Friday, 2 January 2015
Europe or the open sea? A fable
The storm approaches and sturdy men lash themselves to masts and spars as they brave The European Seaway, formerly known as the English Channel. Clouds gather, darkening and lowering as, laden with foreboding, they advance on the good ship Great Britain. For millennia great tumults have assaulted our weather-beaten hull but we manage to float on. But now we doubt our ability to sail alone and seek to join a flotilla of uneasy alliances and uncertain allegiances. Assurances our ship’s company will be cared for by our partners are cold comfort but then our numbers no longer function as a crew with a shared mission, so we all keep one eye on the exits.
Crewed by mercenaries, steered this way then that, yet ever closer to that uneasy union and uncertain end, our clear sense of purpose is gone. Being part of something bigger means being a smaller part of that bigger thing and the bigger it gets the more we recede from view. The far-off and foreign land which used to be called Europe now looms large in the captain’s glass as he wonders what course to set. It doesn’t seem to matter very much; in his madness, everywhere he turns he sees only the gaping maw of the relentless great whale pursuing him.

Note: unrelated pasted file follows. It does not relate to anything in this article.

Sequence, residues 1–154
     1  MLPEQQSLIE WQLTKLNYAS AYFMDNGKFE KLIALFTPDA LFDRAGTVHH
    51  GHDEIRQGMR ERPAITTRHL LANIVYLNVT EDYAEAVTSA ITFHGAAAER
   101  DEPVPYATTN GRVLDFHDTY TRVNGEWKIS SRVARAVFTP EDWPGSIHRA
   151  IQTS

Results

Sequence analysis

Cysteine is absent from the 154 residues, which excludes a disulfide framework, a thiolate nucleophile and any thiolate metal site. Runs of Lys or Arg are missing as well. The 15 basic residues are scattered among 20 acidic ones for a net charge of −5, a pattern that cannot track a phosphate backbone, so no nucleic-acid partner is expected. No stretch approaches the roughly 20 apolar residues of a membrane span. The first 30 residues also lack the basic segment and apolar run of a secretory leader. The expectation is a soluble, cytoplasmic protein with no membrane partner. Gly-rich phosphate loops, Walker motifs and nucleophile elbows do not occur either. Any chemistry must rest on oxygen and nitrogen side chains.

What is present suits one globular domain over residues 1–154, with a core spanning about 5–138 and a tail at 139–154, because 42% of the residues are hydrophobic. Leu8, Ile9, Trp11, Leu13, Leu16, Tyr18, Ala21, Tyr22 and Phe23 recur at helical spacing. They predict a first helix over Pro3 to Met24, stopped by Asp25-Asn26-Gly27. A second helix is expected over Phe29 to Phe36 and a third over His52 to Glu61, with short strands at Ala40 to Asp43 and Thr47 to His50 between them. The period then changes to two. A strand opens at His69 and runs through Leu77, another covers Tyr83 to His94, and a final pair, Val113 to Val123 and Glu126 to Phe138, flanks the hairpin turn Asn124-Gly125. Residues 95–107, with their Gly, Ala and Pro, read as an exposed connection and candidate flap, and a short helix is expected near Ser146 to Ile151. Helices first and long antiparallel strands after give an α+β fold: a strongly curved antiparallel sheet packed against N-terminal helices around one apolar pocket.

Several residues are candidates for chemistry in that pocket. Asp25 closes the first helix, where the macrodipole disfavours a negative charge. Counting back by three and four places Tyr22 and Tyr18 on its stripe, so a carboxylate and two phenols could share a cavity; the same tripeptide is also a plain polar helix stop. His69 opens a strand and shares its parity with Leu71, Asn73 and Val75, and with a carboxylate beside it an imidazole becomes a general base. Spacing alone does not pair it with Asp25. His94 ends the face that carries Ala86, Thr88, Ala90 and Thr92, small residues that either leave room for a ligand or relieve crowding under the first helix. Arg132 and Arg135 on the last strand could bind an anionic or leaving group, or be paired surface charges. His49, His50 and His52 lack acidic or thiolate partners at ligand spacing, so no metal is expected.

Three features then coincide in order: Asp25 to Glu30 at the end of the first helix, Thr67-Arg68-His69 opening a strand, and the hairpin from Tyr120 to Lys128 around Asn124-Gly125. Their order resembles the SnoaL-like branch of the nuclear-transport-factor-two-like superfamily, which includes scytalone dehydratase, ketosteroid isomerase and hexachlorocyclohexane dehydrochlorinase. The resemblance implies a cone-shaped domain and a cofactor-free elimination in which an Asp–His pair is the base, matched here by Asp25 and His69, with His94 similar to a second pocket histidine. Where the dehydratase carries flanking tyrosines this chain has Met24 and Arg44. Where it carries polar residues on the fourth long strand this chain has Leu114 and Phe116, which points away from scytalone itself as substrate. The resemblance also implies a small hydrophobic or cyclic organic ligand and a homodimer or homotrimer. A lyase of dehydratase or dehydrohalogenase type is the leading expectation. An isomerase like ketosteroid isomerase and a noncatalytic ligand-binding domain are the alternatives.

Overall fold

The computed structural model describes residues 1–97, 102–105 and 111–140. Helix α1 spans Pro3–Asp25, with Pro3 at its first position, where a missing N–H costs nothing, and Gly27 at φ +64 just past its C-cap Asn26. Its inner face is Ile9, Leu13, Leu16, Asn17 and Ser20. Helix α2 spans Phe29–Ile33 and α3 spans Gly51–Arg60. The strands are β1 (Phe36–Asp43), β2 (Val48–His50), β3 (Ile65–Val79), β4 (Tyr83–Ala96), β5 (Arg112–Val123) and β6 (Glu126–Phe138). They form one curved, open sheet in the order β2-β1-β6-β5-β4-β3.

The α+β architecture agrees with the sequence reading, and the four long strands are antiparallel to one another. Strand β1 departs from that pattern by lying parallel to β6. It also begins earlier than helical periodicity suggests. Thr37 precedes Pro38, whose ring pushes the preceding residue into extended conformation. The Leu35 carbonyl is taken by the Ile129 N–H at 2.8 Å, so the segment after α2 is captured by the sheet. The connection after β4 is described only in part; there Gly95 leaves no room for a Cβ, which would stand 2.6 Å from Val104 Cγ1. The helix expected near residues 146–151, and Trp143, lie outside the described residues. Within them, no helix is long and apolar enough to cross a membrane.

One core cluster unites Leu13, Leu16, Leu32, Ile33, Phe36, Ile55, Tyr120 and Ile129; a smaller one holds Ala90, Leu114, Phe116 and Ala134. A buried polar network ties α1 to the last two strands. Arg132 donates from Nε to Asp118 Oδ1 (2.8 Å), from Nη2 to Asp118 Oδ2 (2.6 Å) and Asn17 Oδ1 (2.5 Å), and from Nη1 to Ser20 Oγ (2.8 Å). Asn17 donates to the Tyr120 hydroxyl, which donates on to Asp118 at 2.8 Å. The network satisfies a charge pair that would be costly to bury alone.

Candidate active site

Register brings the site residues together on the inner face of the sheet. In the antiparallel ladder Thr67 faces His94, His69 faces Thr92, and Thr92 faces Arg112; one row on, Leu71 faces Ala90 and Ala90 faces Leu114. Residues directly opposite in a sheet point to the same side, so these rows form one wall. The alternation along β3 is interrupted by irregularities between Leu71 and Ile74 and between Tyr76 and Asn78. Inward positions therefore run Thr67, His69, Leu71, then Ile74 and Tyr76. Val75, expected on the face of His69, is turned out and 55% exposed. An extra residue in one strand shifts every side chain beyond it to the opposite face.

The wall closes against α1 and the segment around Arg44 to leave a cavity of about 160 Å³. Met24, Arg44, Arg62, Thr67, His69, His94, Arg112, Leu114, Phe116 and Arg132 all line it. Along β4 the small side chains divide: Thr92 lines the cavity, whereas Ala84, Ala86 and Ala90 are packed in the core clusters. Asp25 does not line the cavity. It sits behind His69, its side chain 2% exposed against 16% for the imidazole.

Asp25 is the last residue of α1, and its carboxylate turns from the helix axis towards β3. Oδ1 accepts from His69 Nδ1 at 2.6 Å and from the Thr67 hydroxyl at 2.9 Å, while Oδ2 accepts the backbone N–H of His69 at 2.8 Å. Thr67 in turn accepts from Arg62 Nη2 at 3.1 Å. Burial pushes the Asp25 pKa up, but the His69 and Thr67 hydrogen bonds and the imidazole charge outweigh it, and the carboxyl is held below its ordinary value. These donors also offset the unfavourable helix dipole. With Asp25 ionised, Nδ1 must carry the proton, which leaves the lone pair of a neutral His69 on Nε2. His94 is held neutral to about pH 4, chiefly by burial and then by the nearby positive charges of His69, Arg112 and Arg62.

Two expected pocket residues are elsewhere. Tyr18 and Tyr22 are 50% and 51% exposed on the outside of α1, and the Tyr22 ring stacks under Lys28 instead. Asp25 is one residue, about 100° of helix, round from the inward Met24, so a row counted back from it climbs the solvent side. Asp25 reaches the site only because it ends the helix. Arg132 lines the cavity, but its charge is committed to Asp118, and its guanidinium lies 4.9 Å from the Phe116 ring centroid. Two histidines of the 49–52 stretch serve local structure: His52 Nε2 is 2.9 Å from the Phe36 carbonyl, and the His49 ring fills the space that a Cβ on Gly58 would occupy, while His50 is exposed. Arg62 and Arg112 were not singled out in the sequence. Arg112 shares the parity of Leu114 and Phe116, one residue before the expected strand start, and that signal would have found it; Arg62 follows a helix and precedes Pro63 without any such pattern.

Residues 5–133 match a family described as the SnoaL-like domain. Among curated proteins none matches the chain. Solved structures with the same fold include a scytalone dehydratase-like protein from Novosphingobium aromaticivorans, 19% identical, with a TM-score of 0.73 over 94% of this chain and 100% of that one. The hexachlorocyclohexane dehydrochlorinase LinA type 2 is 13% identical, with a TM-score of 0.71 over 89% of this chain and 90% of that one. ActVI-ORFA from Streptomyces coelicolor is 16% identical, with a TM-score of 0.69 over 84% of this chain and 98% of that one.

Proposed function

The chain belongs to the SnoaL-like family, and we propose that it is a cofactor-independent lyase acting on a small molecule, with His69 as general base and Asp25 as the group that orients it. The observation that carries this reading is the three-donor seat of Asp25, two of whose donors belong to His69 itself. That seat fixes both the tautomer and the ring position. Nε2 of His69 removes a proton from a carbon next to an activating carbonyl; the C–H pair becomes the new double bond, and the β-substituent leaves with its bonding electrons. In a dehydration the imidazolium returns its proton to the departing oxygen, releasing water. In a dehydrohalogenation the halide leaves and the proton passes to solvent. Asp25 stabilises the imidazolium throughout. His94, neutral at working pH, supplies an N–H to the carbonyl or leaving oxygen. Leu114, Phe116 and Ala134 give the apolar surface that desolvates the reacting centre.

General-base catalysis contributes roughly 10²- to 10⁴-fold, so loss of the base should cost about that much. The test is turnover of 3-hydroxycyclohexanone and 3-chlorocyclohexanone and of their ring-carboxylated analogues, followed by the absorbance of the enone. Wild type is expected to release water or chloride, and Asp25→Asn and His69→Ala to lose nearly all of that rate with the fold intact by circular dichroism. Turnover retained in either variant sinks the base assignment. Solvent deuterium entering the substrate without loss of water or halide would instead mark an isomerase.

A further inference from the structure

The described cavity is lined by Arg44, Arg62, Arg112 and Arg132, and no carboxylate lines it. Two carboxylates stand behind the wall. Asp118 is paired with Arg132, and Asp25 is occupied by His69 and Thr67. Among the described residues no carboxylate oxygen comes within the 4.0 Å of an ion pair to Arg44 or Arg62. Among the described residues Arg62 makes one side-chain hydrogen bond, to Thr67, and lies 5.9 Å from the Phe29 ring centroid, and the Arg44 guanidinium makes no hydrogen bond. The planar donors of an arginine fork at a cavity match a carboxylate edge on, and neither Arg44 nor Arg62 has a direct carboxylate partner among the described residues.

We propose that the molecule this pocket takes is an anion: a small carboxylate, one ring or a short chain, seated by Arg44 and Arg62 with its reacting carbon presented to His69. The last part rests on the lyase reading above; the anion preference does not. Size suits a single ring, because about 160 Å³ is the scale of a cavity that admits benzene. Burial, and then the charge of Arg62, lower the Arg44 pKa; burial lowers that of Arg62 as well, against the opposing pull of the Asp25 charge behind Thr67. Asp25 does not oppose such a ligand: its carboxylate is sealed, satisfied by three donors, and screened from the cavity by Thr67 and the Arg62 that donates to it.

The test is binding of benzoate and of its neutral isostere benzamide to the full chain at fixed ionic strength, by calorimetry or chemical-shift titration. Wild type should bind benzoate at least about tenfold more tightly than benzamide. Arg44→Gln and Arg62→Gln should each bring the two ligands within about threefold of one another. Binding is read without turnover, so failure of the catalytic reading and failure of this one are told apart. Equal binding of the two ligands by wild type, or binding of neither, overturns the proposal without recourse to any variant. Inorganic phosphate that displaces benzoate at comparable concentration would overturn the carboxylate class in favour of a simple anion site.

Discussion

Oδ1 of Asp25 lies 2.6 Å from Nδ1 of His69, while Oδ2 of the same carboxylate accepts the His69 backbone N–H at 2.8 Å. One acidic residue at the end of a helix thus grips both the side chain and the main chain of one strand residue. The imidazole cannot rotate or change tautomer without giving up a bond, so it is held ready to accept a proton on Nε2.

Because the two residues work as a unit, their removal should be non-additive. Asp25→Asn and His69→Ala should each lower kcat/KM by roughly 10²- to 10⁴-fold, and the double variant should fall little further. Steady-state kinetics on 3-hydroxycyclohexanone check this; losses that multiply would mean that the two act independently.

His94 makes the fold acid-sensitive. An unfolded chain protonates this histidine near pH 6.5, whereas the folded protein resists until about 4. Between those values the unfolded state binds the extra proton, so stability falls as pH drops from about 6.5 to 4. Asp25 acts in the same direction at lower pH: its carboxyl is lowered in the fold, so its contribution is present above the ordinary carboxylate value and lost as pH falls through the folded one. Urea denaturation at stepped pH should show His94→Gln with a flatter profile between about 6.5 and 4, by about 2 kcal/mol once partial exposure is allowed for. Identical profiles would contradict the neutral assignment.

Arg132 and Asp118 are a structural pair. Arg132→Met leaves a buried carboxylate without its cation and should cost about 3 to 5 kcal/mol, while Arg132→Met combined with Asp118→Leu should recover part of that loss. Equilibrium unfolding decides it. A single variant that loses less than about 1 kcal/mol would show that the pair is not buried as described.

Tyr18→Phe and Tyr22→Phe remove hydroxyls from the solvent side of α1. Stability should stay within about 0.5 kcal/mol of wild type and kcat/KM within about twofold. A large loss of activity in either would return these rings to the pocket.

The numbers swell as we pick up drifters and scavengers and allow others to board without question. The ship becomes unstable and with so few who now understand how to sail her she lurches from port to starboard, left to right… until the lookout calls. Nobody listens at first; this Chicken Licken has been warning of danger for years and so far we have ridden every wave, but this time it is different. He points at the great whirlpool astern, into which the ship is being dragged. The morbid fear of all our past masters is now upon us. Instead of making European landfall when we could we dithered and now we face the danger alone.
As the maelstrom drags us away from land and we teeter on the outer rim of the vortex everybody panics. Those who are able seize the lifeboats and strike out alone, leaving the old and sick, the weak and the loyal to make the best of their fate. Certain doom is all they expect, all they have been taught to deserve, and as the revolutions increase and the ship tilts alarmingly to head down to the depths of the ocean they brace themselves for oblivion as Europe disappears beneath their new and shrunken horizon.
Europe - going down the plughole
With an undramatic bump the ship suddenly arrests its descent and with a small shudder it cants slightly to one side, then all movement ceases. Opening their eyes those who remain on board nervously peer over the gunwales and look down. The last of the water is gurgling down the plughole and HMS Great Britain sits easily, securely and safely on drying land. In the distance, those who took to the lifeboats are stranded and those who actually reached Europe are cut off and forgotten. The fearful and mighty ocean deep of unilateral UK Independence, warned about for years, turns out to have been just a puddle.